Background Little is known about the reliability of G8 screening tool and the prognostic value of clinical parameters within the Comprehensive Geriatric Assessment (CGA) in clinically fit older patients with hematological malignancies. Materials and Methods This study was performed to assess the reliability of G8 as a screening tool and to determine the predictive value of CGA items in terms of 1-year overall survival (OS). G8 and CGA were proposed to 107 consecutive patients (65–89 years) with hematological malignancies assessed by their physicians as clinically fit, meaning not exhibiting geriatric syndromes and/or irreversible comorbidities significantly impairing their daily function, and thus able to receive chemotherapy. Results Out of 107 patients, 90 patients were evaluable and completed both scales; 72% and 80% were defined as “vulnerable” when evaluated with G8 (≤14.5) or CGA (≥2 impairments) respectively. The area under ROC-curve of G8 compared to CGA was 0.749 ± 0.051. Neither G8 nor CGA total scores were predictive of 1-year OS. However, age (HR = 1.105, 95% CI: 1.016–1.202; p = 0.019), diagnosis (HR = 5.208, 95% CI: 1.895–14.310; p = 0.001) and cognitive status (HR = 3.260, 95% CI: 1.043–10.194; p = 0.042) were predictive of OS. Conclusions We conclude that in our selected hematological patients: 1) the G8 score does not help selecting patients for CGA, 2) the G8 and CGA total scores do not predict OS, and 3) in addition to the age and disease itself, cognitive impairment appears to be a powerful prognostic factor. [less ▲]

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See detailA comparison of a tablet version of the Quality of Life Systemic Inventory for Children (QLSI-C) to the standard paper version
Toucheque, Malorie ULg; Etienne, Anne-Marie ULg; Missotten, Pierre ULg et al

in Psychological Assessment (2015), 27(4),

Integration of e-Health technologies for purposes of both assessment and intervention has recently become an interest area in pediatric psychology. The purpose of this study is to present psychometric ... [more ▼]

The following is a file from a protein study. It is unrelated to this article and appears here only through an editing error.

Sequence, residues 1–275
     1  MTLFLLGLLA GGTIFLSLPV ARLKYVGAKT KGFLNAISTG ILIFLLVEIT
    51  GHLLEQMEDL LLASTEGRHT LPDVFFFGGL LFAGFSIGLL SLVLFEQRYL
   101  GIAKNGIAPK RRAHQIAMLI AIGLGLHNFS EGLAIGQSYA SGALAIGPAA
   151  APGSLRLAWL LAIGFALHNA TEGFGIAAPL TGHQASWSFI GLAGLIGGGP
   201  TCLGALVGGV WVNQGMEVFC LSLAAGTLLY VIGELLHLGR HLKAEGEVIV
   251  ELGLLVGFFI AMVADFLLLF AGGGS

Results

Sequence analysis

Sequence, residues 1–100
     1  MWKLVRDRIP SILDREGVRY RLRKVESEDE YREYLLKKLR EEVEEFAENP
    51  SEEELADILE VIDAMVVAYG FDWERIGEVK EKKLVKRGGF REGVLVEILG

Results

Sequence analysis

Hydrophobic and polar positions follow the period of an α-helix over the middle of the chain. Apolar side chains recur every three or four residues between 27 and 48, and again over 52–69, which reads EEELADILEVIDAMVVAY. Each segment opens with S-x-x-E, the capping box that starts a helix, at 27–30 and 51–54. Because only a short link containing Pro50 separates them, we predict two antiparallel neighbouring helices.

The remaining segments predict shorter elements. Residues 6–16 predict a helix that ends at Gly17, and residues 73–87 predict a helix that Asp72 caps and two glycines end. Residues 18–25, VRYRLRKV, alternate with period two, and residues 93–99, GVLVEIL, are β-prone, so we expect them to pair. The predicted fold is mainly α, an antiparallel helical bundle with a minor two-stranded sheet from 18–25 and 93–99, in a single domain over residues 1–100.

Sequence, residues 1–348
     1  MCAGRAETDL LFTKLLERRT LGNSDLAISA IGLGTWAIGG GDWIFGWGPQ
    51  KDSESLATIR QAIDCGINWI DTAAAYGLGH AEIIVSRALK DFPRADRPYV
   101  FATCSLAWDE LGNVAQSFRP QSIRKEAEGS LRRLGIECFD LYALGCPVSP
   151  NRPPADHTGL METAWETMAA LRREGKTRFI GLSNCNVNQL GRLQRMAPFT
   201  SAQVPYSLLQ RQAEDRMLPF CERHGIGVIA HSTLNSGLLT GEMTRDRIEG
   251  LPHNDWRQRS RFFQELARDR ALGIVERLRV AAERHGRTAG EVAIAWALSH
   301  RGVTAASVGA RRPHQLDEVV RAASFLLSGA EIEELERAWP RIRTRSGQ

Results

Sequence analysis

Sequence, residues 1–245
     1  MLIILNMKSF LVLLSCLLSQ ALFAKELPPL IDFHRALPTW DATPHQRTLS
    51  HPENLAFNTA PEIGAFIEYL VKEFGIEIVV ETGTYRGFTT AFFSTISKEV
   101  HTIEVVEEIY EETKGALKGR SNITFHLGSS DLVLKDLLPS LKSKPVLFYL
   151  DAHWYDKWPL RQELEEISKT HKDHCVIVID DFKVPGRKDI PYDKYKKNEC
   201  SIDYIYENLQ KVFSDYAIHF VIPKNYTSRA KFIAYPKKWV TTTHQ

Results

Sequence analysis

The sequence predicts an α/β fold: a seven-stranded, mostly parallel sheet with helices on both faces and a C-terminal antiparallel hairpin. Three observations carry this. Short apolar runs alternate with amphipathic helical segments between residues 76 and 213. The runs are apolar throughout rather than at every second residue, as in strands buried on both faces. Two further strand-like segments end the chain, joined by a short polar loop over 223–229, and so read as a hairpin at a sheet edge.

Integration of e-Health technologies for purposes of both assessment and intervention has recently become an interest area in pediatric psychology. The purpose of this study is to present psychometric characteristics of a technology-based (i.e., tablet administration) approach for measuring quality of life (QOL) in children. Eighty children (8-12 years) completed the Quality of Life Systemic Inventory for Children (QLSI-C) twice over a two-week delay, in a crossover design that used paper and tablet-based modes of administration. Equivalence of scores across methods was examined using Intraclass correlation coefficients (ICC), augmented by paired t-test and Pearson’s correlations. Test-retest reliability was assessed using paired t-test and Pearson’s correlations while internal consistency was assessed using Cronbach’s coefficient. Results showed a good concordance across methods of administration (ICCs = .72 to .91; r = .56 to .83). Paired t-test showed no significant differences between the tablet and paper version of the QLSI-C. Internal consistency reliability yielded acceptable Cronbach’s alphas for all QLSI-C scores, with all α >.70. Test-retest reliability for the tablet-administered QLSI-C was good (r = .66 to .90). Paired t-test showed no significant difference between time 1 and 2 for the QLSI-C scores, except for the state score. Findings established the reliability of the tablet-administered QLSI-C scores. This technology approach to assessment is more attractive for children, decreases time for administration, and enhances the ease of scoring. These advantages might encourage both clinicians and researchers to consider using e-Health developments in assessment in pediatric psychology. [less ▲]

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See detailAnxiety at the first radiotherapy session for non-metastatic breast cancer: Key communication and communication-related predictors.
Lewis, Florence; Merckaert, Isabelle; Lienard, Aurore et al

in Radiotherapy and oncology : journal of the European Society for Therapeutic Radiology and Oncology (2015), 114(1), 35-41

BACKGROUND AND PURPOSE: Patients may experience clinically relevant anxiety at their first radiotherapy (RT) sessions. To date, studies have not investigated during/around the RT simulation the key ... [more ▼]